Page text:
In our recent article,Ethical Teaching in the Classroom and Beyond, Doug Woody and I present the following case:
Extra credit. In an introductory psychology class the professor, Dr. Hamilton, decides to offer extra credit if students register to vote in the upcoming election. Hamilton works for a get-out-the-vote group affiliated with a ballot initiative to increase spending on education, and offers to have students help out on Election Day for a few extra extra-credit points.
Is it ethical for Dr. Hamilton to make this offer? What’s your gut-level reaction? How might you decide? What are the criteria for judging the ethics of extra credit? Why all these questions?
I’m asking these questions because extra credit is a common, complex and controversial issue. According to an interesting survey by Hill, Palladino, & Eison (1993), lots of psychology professors use extra credit assignments, and most appear to be thoughtful about it. One finding is that professors are more likely to use extra credit assignments when they see educational value in them. For example, researchers have found that giving extra-credit pop quizzes helps students learn better (Fuad & Jones, 2012). Some extra-credit opportunities that Hill and his colleagues asked about seem very relevant and beneficial—for example, “doing a research paper,” “summarizing a research paper,” and “correctly answering optional essay questions on an exam.”
One criterion for ethical extra credit, then, is beneficence. The activity should have educational value or benefit. And, the value needs to be related to course content. Hill and his colleagues present a few ideas for extra credit that bear no relationship to the course. Adopting a pet. (Really?) Donating blood. These are nice things to do, but not really related to course content. If Dr. Hamilton were teaching political science, the experience of registering to vote might (might!) be OK, but probably not in intro psychology.
To the extent that Dr. Hamilton is advancing his personal/political agenda at the expense of his students’ education, he has a clear conflict of interest. For example, it clearly would be wrong to give extra credit only to students who vote in a certain way. The conflict would be less obvious (but still there) if registration were the only grounds for credit.
Here’s an interesting conflict of interest: The most common extra credit activity in psychology courses is to have students participate in research being done by faculty or graduate students. Professors like to say that such participation is related to psychology, which it is. They also like to say that it has some educational value, which it often does. Some professors, however, like to say that the reason they give extra credit for (or require) such participation is for the benefit of students. My opinion: That’s not the case—the extra credit or requirement exists primarily for the benefit of the researchers. My evidence for this opinion? In my experience, I've never seen a department create research participation experiences for students when faculty members do not need participants. My solution: Let’s be honest with ourselves and with our students that faculty interests play a role, and make the experience of participating in research as educational as possible for students.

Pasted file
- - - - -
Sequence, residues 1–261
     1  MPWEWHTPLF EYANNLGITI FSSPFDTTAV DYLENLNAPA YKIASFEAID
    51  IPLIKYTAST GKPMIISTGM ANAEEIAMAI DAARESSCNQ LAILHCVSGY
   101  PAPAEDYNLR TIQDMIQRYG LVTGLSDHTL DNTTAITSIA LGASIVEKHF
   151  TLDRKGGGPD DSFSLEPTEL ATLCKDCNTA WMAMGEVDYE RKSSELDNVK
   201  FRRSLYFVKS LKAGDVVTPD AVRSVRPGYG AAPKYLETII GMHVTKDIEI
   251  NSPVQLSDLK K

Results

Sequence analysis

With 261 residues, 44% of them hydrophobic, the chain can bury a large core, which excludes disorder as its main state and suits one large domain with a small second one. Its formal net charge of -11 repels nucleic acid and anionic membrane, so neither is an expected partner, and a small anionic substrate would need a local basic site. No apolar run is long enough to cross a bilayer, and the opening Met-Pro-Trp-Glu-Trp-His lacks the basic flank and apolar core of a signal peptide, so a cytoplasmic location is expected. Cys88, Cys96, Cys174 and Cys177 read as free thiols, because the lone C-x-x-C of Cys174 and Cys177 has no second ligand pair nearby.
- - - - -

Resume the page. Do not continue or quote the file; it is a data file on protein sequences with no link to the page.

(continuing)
Justice is another relevant ethical principle. Is the extra credit opportunity available to all students? Most psychologists (Hill et al., 1993) seem to feel that extra credit should be available to all students, not just those with bad grades or those who ask for it. What if lots of students in Dr. Hamilton’s class have already registered to vote, or are not eligible to register, or are busy on election day?
One more consideration for now: One professor in the Hill survey said, “I believe extra credit defeats the purpose of knowing the material.” If students get a higher grade because of effort tangential to the course, what does the grade mean? Let’s take this to the extreme: Picture yourself on the operating table, and your surgeon says, “I never learned how to remove an appendix, but I graduated from my residency because I adopted a puppy!”
I’d love to hear your views about these issues. I’d even be willing to offer extra credit….
Fuad, M .M., & Jones, E. J. Using extra credit to facilitate extra learning in students. International Journal of Modern Education and Computer Science, 4(6), 35-42.
Handelsman, M. M., & Woody, W. D. (in press). Ethical teaching in the classroom and beyond. In D. S. Dunn (Ed.), The Oxford Handbook of Undergraduate Psychology Education (in The Oxford Library of Psychology Series). New York: Oxford University Press.
Hill IV, G. W., Palladino, J. J., & Eison, J. A. (1993). Blood,sweat and trivia: Faculty ratings of extra-credit opportunities. Teaching of Psychology, 20(4), 209-213.
Mitch Handelsman is a professor of psychology at the University of Colorado Denver. His most recent book is a collaboration with pioneering musician Charlie Burrell on Burrell’s autobiography. Mitch is also the co-author (with Sharon Anderson) of Ethics for Psychotherapists and Counselors: A Proactive Approach (Wiley-Blackwell, 2010), and an associate editor of the two-volume APA Handbook of Ethics in Psychology (American Psychological Association, 2012).
© 2015 by Mitchell M. Handelsman. All Rights Reserved
Source: Mitch Handelsman
Танкадо находился в Испании, а Испания - вотчина Халохота. Сорокадвухлетний португальский наемник был одним из лучших профессионалов, находящихся в его распоряжении. Он уже много лет работал на АНБ.